Philippines-based gaming technology provider PhilWeb Corporation chairman Roberto Ongpin may now heave a sigh of relief after a Philippine court stops the Securities and Exchange Commission (SEC) from implementing his expulsion from the board in connection with the 2009 insider trading scandal.
In a six-page court resolution obtained by CalvinAyre.com, the Court of Appeals granted the request of Ongpin for the issuance of a 60-day temporary restraining order against the implementation of the SEC decision dated July 8, 2016.
The SEC, in its decision, ordered the disqualification of Ongpin from the board of any publicly listed company for allegedly committing insider trading in the sale of Philex Mining shares in 2009. Ongpin currently sits as the chairman of Philweb and mining firm Atok Big Wedge Inc that are both publicly listed.
The Philweb chairman was also slapped with a P174 million (US$ 3.69 million) fine, or P1 million ($21,200) for each of the 174 counts of insider trading, based on Section 54.1 of the Securities regulation Code. The fine was 10 times larger than the original P17.4 million penalty recommended by the SEC’s enforcement and investor protection department (EIPD).
“Gauging from the complexity of the matters at hand and seeing that the circumstances in this case present an urgent and paramount necessity to prevent serious damage upon petitioner Ongpin since the assailed Decision of the SEC en banc may, at any time, be implemented pursuant to Section 12 of Rule 43 of the Rules of Court, we resolve to grant the prayer for the issuance of a temporary restraining order,” read the resolution penned by Associate Justice Ma. Luisa Quijano-Padilla.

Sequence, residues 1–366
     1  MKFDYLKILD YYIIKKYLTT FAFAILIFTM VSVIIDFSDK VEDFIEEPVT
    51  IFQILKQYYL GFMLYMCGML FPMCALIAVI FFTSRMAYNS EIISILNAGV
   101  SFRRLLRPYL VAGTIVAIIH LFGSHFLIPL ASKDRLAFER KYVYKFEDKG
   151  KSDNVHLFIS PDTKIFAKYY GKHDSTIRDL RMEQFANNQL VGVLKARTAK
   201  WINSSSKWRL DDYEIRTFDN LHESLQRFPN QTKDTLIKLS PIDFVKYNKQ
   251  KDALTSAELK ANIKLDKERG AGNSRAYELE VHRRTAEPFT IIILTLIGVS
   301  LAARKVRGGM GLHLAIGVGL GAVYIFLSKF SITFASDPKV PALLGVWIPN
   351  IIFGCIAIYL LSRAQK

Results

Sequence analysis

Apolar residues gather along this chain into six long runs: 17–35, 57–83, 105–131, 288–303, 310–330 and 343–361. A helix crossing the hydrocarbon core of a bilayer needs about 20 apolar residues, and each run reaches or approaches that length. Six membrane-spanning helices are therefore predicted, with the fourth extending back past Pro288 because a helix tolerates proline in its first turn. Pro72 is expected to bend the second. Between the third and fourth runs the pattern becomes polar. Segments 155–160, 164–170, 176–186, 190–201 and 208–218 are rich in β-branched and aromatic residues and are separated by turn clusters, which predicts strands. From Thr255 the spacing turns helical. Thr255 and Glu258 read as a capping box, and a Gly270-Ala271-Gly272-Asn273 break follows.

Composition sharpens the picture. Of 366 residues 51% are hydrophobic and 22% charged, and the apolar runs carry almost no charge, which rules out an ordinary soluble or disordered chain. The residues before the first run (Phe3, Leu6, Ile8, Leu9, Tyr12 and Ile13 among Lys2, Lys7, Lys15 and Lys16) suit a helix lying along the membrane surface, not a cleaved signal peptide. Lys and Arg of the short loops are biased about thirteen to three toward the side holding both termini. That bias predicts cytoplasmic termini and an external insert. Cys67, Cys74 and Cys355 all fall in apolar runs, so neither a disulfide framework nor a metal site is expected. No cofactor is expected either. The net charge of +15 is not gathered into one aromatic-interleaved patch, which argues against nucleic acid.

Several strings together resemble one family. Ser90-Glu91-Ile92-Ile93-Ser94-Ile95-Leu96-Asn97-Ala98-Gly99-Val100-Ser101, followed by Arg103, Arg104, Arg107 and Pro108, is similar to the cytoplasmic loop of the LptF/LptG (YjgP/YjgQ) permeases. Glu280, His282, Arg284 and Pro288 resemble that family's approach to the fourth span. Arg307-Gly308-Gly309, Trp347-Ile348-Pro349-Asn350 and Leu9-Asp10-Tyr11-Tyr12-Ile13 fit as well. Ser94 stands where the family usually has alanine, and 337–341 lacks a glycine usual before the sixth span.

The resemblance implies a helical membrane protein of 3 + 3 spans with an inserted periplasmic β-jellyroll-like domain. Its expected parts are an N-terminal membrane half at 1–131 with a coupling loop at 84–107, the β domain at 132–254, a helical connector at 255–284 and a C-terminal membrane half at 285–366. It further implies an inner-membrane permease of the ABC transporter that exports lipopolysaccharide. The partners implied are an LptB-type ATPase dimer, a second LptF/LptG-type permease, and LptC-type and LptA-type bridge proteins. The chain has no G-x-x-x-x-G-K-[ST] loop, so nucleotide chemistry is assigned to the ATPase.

The court explained that the court issued a temporary injunctive relief in order to preserve “the status quo ante” between the parties. The Court of Appeals set the hearing for Ongpin’s petition for a writ of preliminary injunction on August 23 and 24, 2016.
In a disclosure to the Philippine Stock Exchange on Friday, Philweb refuted the allegations of the SEC against their chairman, saying that the 2009 Philex Mining case has already been junked by the Philippines’ Sandiganbayan for lack of probable cause.
“Twice the Sandiganbayan quashed the case for lack of probable cause. The Ombudsman tried to allege that the behest loan to Ongpin had caused damage to DBP when in fact and in truth, DBP benefited to the extent of Php1.4 billion in this case,” said the disclosure signed by Philweb Corporate Information Officer Cliburn Anthony Orbe. “This particular case now has been shifted by the SEC to an insider trading case, but in no way can this case be called insider trading. The jurisprudence is clear on that. The case had unquestionably prescribed as it was filed almost a year after the two year deadline required in the Securities Regulations Code.”